I cannot recall the last time I was in any of these NYC Stop & Shop stores, so I have a limited frame of reference from which to work.  But if those stores are anything like the Connecticut Stop & Shop stores with which I am familiar … well, they have some work to do.  My experience is that those stores are just good enough, but never transformative, never exciting.  There are a couple of them within miles of where a new Wegmans is scheduled to be built, and I suspect they'll be in a world of hurt when that store opens.

    Good enough rarely is good enough these days.  Depending on how things play out, Stop & Shop may find that out the hard way.

    MNB reader David Diamond responded:

    I have a slightly different take on this.  The Stop and Shop urban stores are primarily the remnants of Pathmark, and to describe them as “good enough” is being very kind.  I actually do not think that they have the appetite for building big, beautiful stores in the urban environment – it costs too much and takes too long.  Whole Foods will do it, but that is about it.  I think that the real agenda is that delivery is becoming the primary distribution method in the city, and they have reached the conclusion that consumers go to their stores and say “I’m not ordering from this dump”, so they need to upgrade the physical stores essentially to sell the brand to those who are ordering for delivery.

    I could be totally wrong on this, but I think that is where their heads are at.

    So when I think some Stop & Shop stores are dark, it is because they actually are being turned into dark stores that let customers in?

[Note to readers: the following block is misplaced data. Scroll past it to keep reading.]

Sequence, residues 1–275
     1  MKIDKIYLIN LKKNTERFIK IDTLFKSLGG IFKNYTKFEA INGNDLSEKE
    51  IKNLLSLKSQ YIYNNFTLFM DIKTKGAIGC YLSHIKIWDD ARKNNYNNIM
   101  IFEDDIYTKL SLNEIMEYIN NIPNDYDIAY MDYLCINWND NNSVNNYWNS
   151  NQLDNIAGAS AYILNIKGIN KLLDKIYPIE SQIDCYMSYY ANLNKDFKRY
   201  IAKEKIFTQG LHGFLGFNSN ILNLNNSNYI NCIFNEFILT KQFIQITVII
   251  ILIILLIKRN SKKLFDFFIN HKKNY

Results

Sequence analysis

Never thought of it that way before.

    MNB reader David Spawn wrote:

    Completely agree with you on this one. 

    Their stores in the city are very lackluster and seem to survive simply by offering better pricing and product breadth relative to the local small-scale competition (Key Foods, Trade Fairs and C-Towns that are our other local options w/out a car).  I live in Jackson Heights and have shopped their “Astoria/Long Island City” store – it is the epitome of “good enough,” uninspired and under-managed from its presentation & cleanliness, to its staffing, to its lack of grocery carts on weekend days (when they are all left on the rooftop parking structure). 

    Despite this, I shopped there on a monthly basis since even with an Uber ride home it was less expensive than doing the same trip in our neighborhood.  However, it was just announced that it is closing earlier next year – a fact that was noticeably absent from the article trumpeting the reinvestment in the city.  A new BJ’s just opened across the street and Stop and Shop does not seem to have been able to compete with a new player.  I wish them luck in their new endeavors in the Big Apple!



    I offered a business lesson last week that I gleaned from a new book, "The Baseball 100," by Joe Posnanski, which prompted one MNB reader to write:

    "The Baseball 100" is the best bathroom book since the Guinness Book of World Records…

    I'm so glad you said that.  When Michael and I wrote "The Big Picture: Essential Business Lessons from the Movies," we wanted the publisher to promote it as the perfect bathroom book - lots of short, standalone chapters - but the publisher resisted the imagery.

    And from another reader:

    Thanks for sharing.  I am a sports nut, a baseball geek in particular – just added this book to my reading list.

    A fun read about Mike Mussina is “Living on the Black” by John Feinstein where he follows Mussina and Tom Glavine for an entire baseball season.

    I'll add it to the stack.  Thanks.